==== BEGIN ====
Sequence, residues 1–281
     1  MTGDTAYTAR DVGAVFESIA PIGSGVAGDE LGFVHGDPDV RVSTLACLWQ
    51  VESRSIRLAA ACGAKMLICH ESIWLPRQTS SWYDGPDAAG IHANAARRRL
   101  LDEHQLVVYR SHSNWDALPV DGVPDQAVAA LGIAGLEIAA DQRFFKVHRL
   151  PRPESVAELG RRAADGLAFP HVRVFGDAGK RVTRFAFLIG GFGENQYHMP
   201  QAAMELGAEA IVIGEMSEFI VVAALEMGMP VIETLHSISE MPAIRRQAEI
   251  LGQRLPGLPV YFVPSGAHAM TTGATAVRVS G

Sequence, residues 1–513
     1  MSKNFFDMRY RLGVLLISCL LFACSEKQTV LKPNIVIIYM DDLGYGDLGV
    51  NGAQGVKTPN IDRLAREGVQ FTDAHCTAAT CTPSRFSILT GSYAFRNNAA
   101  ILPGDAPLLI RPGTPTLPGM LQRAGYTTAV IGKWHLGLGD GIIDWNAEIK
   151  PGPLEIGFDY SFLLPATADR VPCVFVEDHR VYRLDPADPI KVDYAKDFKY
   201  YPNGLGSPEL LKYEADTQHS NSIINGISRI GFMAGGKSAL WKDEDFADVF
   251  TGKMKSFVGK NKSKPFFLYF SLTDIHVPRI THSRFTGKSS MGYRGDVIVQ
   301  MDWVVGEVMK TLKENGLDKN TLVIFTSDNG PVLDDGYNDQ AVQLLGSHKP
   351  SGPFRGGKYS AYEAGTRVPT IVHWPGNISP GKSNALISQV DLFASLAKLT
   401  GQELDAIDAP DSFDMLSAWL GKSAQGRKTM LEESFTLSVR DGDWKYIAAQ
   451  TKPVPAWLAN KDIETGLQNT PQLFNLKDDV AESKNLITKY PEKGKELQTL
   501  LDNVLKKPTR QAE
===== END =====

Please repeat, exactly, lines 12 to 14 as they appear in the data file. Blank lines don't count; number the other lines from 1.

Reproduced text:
   151  PGPLEIGFDY SFLLPATADR VPCVFVEDHR VYRLDPADPI KVDYAKDFKY
   201  YPNGLGSPEL LKYEADTQHS NSIINGISRI GFMAGGKSAL WKDEDFADVF
   251  TGKMKSFVGK NKSKPFFLYF SLTDIHVPRI THSRFTGKSS MGYRGDVIVQ